Which is the problem for Massachusetts, as well. Even a sluggish recovery will restart the process of employment and personal-income growth. But those portions of income that came from the superheated financial markets of the 1990s–capital gains, stock options, even outsized annual bonuses handed out by companies with fast-rising market values–are gone forever. So, too, is the tax revenue associated with them.
The view here is that in the Legislature and the administration alike there has been too little vigor and too little creativity devoted to finding savings in the state budget–much expanded in the last few years–that would not harm vital services. As painful as it is for those who manage state government–and as unnerving as it may be for those who count on government help–a time of fiscal crisis can be an impetus for changing the way the state does business. As a variety of current and former officials made clear in a Commonwealth Forum on “The Challenge of Change” last October it can be impossible to achieve real structural reform in government during times of prosperity. But a budget crunch can provide a context, and an impetus, for change. (I explore this topic further in my interview with former Indianapolis mayor and certified government innovator Stephen Goldsmith. See “Efficiency Expert,” page 72.)
“The time for profound performance change, in my judgment, is during a fiscal crisis,” said former Senate Ways and Means chairman Patricia McGovern. “That is when you can get people to move. That is when you can engage the opinion leaders, the people who work in government, the media, and the public to support your ideas for change…. We can use this difficult time as an opportunity.”
To date, there has been too little talk like this in the halls of the State House. That makes a knee-jerk leap to new or renewed taxes unseemly, if not disdainful of the public, who as taxpayers foot the bill and as voters passed Question 4.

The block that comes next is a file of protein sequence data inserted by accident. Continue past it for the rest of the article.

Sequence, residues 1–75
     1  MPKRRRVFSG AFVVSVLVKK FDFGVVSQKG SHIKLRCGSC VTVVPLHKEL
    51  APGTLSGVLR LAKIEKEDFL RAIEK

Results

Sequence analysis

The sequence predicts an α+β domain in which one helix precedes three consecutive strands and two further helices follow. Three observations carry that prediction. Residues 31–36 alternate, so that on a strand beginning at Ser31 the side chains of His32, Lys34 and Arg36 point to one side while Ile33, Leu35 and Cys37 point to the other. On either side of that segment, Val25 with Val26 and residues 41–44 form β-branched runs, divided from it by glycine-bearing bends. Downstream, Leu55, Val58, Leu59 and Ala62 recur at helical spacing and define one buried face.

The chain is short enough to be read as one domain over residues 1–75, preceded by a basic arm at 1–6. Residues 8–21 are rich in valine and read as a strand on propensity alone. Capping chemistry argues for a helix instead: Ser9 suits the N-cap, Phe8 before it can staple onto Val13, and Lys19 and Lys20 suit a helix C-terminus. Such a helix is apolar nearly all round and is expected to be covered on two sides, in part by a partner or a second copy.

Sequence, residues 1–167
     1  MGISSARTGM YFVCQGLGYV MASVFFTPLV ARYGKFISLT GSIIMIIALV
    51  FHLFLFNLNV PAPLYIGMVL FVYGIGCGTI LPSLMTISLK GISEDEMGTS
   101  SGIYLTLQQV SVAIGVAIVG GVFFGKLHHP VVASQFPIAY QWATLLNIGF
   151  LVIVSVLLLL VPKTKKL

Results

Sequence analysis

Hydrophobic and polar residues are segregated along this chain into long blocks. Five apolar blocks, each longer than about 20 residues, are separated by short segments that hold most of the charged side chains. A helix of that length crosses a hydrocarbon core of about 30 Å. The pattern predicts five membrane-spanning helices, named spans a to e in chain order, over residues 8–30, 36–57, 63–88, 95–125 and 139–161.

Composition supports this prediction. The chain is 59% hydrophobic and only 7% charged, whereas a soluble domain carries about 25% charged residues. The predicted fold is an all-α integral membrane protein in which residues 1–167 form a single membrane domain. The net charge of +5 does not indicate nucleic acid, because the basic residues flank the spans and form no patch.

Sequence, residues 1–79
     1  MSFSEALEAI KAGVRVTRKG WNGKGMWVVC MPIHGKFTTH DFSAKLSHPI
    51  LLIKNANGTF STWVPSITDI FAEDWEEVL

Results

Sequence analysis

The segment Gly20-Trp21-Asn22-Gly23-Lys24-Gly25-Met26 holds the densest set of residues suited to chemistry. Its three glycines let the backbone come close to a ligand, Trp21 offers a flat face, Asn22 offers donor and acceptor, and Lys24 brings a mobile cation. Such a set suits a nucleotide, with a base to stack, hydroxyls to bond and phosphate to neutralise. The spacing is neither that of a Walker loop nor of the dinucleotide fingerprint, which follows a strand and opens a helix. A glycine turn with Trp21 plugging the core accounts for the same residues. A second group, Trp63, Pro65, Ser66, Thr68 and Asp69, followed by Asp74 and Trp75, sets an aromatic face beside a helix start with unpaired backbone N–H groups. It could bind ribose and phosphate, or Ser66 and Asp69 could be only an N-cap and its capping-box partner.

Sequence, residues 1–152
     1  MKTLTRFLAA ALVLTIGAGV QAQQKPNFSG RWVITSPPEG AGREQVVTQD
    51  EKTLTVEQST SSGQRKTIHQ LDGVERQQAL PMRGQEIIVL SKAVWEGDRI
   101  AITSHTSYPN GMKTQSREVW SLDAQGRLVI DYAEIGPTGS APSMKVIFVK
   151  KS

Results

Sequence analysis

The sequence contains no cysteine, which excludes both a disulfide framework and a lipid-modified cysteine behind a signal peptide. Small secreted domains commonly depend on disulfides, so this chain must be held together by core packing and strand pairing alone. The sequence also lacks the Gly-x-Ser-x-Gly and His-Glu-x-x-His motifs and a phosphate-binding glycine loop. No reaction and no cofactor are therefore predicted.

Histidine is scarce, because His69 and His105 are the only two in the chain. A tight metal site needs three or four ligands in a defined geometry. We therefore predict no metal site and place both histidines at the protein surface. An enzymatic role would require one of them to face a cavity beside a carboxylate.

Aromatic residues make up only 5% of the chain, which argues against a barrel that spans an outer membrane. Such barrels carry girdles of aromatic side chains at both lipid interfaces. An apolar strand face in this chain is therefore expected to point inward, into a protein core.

Still, it might have been relevant to know, back in November 2000, that the boundless revenue that made an income-tax rollback seem not only affordable but long overdue was built on New Economy sand. Now that the speculative bubble has burst, taking the tax proceeds with it, we might well want to reconsider whether it’s wise, at this tenuous moment, to reduce the income-tax rate to a level it has not been, with the exception of a brief three-year period in the 1980s, for a quarter of a century. (According to DOR records, the state income-tax rate was 5 percent from 1971 to 1974; 5.375 percent from 1975 to 1985; 5 percent from 1986 to ’88; 5.375 percent in ’89; 5.95 percent in ’90; 6.25 percent in ’91; 5.95 percent from ’92 to ’99; 5.85 percent in 2000; 5.6 percent last year; and is 5.3 percent currently.)And going forward, hopefully toward renewed prosperity, state budget writers may have to adjust the relationship between revenue and spending to reflect the New Economy’s preference for stock rewards and performance bonuses, which are more volatile than wages and salaries. “We think of the income tax as a relatively stable tax,” says Clayton-Matthews. What happened in the late ’90s should be a “a signal,” he says, that we may “have to plan our budgets for the business cycle.” That, he says, could mean stockpiling even bigger “rainy day” reserves than we managed to accumulate in the ’90s, in the face of demands for both more spending and more tax reduction.
And it could mean tracking, on an ongoing basis, revenue from bonus and stock-option earnings, then using a portion of that windfall revenue to fund one-time expenditures rather than build up the operating budget. This was done, to a limited extent, in the late ’90s, when a portion of state surpluses was devoted to capital expenditures. (The biggest example of this practice, unfortunately, was $500 million used to defray Big Dig overruns in fiscal 2000.) If the state learns nothing else from the current fiscal crisis, it ought to be that some of the dividends of entrepreneurship are harder to take to the bank than others.